“All champions were kids someday”
Since 2006, members of the winter sports community, whether they are companies providing equipment or sportsmen and women, have been gathering in order to review the state of winter sports in Russia.
Common reoccurring topics have ranged from development of new training facilities to education or to the engineering specifics of arenas.
However, this year participants focused on how to better develop sport for children.
“Governments, federations and people in general need to pay more attention to developing sports for kids,” Dmitry Aleksashin, Russian Biathlon Federation’s vice-president, told RT. “Because the benefits are clear, it’s the promotion of being healthy. We need to instil that into the minds of children. It’s better to spend money on being healthy, rather than spending that money on medicine.”
But it’s not only the investment into complexes and equipment that's needed, but also human resources.
“Of course, developing sport for kids is important,” Svetlana Gladysheva, President of Russia’s Ski and Snowboard Federation, stressed. “I mean, all champions were also once kids and went to sport schools, etc. But we need to raise wages for the various trainers and coaches who train our little ones, because that moment is the most critical for a child's sporting life.”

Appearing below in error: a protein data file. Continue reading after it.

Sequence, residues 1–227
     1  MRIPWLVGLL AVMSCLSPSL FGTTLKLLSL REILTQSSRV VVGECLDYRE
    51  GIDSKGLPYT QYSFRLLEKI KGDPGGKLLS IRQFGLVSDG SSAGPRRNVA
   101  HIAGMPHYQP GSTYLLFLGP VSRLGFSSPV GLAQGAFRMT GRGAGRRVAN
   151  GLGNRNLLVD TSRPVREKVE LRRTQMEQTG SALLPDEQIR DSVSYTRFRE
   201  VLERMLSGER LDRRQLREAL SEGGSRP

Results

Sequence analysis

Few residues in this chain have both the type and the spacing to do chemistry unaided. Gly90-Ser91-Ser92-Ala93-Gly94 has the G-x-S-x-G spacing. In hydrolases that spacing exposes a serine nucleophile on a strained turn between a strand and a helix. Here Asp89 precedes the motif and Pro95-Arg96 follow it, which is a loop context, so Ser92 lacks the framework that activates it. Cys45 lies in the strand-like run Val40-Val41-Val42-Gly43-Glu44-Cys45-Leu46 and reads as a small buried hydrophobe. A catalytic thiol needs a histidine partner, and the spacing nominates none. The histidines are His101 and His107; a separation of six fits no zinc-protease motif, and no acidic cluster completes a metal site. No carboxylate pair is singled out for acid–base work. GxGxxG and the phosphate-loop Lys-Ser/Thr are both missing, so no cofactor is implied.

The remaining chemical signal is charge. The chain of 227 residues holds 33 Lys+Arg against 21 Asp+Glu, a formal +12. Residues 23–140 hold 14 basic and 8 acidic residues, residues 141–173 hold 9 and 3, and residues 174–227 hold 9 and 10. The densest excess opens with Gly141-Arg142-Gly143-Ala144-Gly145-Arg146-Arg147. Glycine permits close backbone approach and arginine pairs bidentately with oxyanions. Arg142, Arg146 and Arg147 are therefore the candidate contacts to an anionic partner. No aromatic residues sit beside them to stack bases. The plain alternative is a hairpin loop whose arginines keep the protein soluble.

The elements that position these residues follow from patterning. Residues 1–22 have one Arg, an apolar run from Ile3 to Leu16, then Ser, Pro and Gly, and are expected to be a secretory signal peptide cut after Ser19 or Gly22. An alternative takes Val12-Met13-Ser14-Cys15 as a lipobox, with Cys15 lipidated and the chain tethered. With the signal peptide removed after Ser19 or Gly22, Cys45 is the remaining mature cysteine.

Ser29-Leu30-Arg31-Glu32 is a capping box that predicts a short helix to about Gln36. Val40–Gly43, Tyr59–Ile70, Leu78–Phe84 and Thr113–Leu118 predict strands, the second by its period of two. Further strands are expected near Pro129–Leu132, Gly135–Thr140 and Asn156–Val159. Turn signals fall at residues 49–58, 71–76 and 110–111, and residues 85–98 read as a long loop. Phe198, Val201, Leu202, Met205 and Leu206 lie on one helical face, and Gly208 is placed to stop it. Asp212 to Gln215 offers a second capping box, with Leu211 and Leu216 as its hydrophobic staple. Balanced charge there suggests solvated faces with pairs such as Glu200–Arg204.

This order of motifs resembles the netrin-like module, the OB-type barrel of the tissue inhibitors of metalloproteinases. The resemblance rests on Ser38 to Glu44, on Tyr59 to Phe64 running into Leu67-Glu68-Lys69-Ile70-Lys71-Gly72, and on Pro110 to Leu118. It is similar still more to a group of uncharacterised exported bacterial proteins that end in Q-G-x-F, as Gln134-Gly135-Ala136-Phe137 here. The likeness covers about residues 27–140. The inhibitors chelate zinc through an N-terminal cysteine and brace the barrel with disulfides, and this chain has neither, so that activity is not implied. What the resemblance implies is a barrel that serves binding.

When talking about developing children’s sporting abilities, naturally, one of the most important aspects that come to mind is the infrastructure needed.
And although many believe investment stops in Moscow and St. Petersburg, its places like Ufa, the capital of the Republic of Bashkorkostan in Russia’s Urals Region, that’s actually leading the way.
In two years the city managed to build the state of the art Ufa Arena, which is now home to the Kontinental Hockey League’s 2011 winners, Salavat Yulaev.
The team itself is also leading by example, boasting five ice hockey rinks to train their younger players.
A new biathlon sport complex is also built in Ufa, so that young Russians can further hone their skills in one of the country’s most popular sports.
“Biathlon has always been a sport in which Russians have excelled in,” Aleksashin said. “Our athletes have enjoyed many great results at international level. Of course, now the sport has to share its popularity with other international sporting events, like football, but it’s still appealing to all age groups.”
The consensus is clear for sporting officials – to wean the kids off seeking personal glory, but rather to invest into them understanding the physical benefits of simply doing sport.
But those, who choose to be champions and have the potential to become one, must receive the needed back up from the state.